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Dr. Te-Hsiu Ma and a Spiderwort plant
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NATO-Sponsored Conference on Pollution Detection Hosted by Western Illinois University

June 21, 2004

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MACOMB, IL - - More than 30 scientists from 14 world nations will participate in the North Atlantic Treaty Organization (NATO) Advanced Study Institute (ASI) Tuesday, July 6 through Friday, July 16 at Western Illinois University.

This institute, “Plant Bioassay on the Genotoxicity of Contaminated Water, Air and Soil,” is a subdivision of the NATO Environmental and Earth Science and Technology (EST) Program that deals with the detection of genetic damage from common pollutants, radioactive pollutants and the contaminants from warfare in water, air and soil. The focus of the institute will be on the eastern European area.

The NATO/EST Advanced Study Institute will introduce participants to the principles and technical skills of three biological tests (Allium-micronucleus, Tradescantia-micronucleus, Tradescantia-Stamen Hair Mutation) using the genetic material of plants - - onions (Allium) and spiderworts (Tradescantia) - - through tutorial instruction and hands-on exercise. The participants, mostly from the eastern European area, will then complete follow-up studies to monitor and detect genetic damage of environmental pollutants in each of their home territories, explained Te-Hsiu Ma (say Tee Mah), Western Illinois University biological sciences professor emeritus, who serves as co-director of the institute along with Professor Rouben Aroutiounian from Armenia, under the directorship of Dr. Alain Jubier, NATO Science Affairs Division.

“Special emphasis will be aimed at radioactive and warfare contaminants in the environment in the eastern European area, and reports of the follow-up studies will be published to show the status of pollution level in these countries and the potential genetic damage to the ecosystem and human health,” Ma said. “In the long run, this monitoring program could contribute to homeland security of this area.”

A common plant, the Spiderwort (Tradescantia species)is used in two (Stamen-hair- mutation, and Micronucleus) of the three tests. The Stamen–hair-mutation (Trad-SHM) test, developed by the late Dr. Arnold Sparrow of Brookhaven National Laboratory (NY), detects gene mutation. The micronucleus (Trad-MCN) test, developed in 1976 by Ma during a six-month sabbatical leave at the Brookhaven National Laboratory, detects chromosome (DNA) damage from chemical and physical pollutants, including radiation.

Genetic materials in plant cells are more sensitive to pollutants than those of animal cells because there is less protection in plant tissues from the impact of pollutants, Ma explained. These genetic tests which are highly sensitive, simple and economical have been used in more than 40 countries across five continents for more than 30 years. Test results of the Trad-MCN test and Allium-micronucleus test can be obtained within 24 to 48 hours, while results of the Trad-SHM test require at least seven days.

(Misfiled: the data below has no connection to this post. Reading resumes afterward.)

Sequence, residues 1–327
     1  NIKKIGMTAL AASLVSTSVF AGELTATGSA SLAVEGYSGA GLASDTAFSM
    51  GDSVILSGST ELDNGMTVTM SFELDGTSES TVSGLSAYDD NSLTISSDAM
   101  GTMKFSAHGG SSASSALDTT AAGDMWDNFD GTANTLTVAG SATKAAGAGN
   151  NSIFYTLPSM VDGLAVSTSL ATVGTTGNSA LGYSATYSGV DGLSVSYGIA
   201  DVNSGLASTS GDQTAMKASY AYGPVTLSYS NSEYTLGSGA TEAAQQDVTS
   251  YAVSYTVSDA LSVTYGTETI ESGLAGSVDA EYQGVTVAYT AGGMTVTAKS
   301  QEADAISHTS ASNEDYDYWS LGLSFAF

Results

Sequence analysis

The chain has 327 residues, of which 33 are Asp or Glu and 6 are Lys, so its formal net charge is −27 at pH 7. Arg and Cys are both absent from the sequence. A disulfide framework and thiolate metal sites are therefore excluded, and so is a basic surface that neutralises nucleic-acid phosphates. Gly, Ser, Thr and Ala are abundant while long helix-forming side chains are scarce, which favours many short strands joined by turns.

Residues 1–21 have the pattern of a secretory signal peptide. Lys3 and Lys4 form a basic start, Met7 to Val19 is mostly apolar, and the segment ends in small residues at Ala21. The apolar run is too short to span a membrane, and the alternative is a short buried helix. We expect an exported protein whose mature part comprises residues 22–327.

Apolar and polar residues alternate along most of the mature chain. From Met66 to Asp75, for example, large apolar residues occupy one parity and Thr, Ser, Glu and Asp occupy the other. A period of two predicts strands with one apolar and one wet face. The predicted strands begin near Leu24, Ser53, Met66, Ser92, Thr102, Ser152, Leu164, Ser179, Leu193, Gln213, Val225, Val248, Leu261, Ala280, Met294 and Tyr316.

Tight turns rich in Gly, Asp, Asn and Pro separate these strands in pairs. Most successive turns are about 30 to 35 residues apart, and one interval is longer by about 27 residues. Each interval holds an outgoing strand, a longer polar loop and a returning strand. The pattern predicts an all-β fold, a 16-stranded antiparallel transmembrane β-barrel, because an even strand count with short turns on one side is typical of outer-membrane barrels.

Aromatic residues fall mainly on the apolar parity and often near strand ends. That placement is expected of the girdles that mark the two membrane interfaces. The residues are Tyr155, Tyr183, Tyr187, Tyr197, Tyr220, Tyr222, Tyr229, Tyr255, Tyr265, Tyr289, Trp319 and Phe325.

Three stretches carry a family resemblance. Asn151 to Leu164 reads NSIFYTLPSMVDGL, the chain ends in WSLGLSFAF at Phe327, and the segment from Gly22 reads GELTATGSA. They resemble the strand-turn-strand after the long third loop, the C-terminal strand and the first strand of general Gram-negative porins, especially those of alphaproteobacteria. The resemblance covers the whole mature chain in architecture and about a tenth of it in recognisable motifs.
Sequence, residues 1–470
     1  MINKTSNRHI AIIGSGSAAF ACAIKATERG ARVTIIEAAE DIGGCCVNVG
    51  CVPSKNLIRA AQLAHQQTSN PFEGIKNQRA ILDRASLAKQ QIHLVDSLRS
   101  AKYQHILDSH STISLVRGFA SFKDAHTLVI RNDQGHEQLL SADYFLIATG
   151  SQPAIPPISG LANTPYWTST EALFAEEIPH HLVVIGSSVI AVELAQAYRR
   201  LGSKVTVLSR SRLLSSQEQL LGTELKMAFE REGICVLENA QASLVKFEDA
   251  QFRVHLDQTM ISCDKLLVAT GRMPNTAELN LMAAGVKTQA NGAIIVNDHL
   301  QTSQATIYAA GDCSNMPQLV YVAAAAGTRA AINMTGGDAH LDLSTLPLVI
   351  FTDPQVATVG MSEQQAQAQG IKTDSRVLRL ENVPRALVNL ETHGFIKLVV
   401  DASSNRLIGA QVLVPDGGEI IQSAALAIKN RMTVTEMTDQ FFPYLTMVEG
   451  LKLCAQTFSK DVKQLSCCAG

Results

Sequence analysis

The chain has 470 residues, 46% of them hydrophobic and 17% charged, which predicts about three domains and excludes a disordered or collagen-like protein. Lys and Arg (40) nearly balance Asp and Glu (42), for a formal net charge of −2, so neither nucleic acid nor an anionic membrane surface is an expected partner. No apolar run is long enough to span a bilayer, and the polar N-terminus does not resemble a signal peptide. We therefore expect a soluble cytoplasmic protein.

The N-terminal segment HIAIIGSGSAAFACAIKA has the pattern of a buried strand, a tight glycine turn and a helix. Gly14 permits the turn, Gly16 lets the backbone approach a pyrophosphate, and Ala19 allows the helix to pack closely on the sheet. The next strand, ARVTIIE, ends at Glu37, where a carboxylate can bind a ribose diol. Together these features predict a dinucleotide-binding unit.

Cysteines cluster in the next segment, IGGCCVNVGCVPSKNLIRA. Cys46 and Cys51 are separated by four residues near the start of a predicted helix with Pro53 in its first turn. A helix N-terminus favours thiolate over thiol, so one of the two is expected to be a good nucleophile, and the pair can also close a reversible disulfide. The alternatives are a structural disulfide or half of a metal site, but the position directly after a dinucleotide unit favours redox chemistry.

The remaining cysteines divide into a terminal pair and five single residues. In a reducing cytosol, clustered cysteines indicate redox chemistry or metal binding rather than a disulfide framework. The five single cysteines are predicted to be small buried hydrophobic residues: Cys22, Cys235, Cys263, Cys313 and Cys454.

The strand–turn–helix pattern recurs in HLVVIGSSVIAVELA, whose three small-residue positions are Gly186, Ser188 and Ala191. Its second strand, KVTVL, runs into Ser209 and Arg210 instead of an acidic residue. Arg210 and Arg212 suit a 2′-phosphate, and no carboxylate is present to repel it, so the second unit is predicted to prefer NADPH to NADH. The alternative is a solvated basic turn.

Institute participants will receive instruction and have hands-on experiment exercises during daily laboratory sessions in Western’s Radiation Biology lab, which is equipped with X-ray and Gamma ray facilities; the Cytogenetic lab; as well as the Nuclear Physics laboratories in the physics department. Assisting with the physics lab work will be WIU physics Professor Keh-Chang Chu and Assistant Professor Brian Davies.

Ten international scientists will join Ma in presenting specialized lectures, including radioactive pollution from the Chernobyl nuclear power plant accident; plant bioassay in carcinogen screening; contaminated soil from ammunition testing grounds; genetic toxicity of common poison, cyanide and arsenics; epidemiology of respiratory patients and on-site genetic toxicity monitoring; remote sensing of environmental pollution; ecology and ecosystem change as well as the variation of background radiation around a nuclear power plant.

Opening ceremonies will be held at 10 a.m. Tuesday, July 6 in Morgan Hall 109, followed by an address by Ma on the timetable,DNA damage from chemical and physical pollutants and the mission of the Advanced Study Institute.

Ma joined Western’s biology faculty in 1964. He retired in 1997; however, he has maintained his laboratory and has increased his international activities. Since developing the Trad-MCN bioassay in 1976, Ma has conducted 89 workshops around the world, training scientists on the three simple and effective genetic tests, under the auspices of the International Program on Plant Bioassays.

Opening ceremonies and lecture sessions during the NATO/EST/ASI program are open to any individuals who are interested in the topics, according to Ma.

Additional support for this ASI is provided by Western’s College of Arts and Sciences and the department of biological sciences.

NATO Science web site

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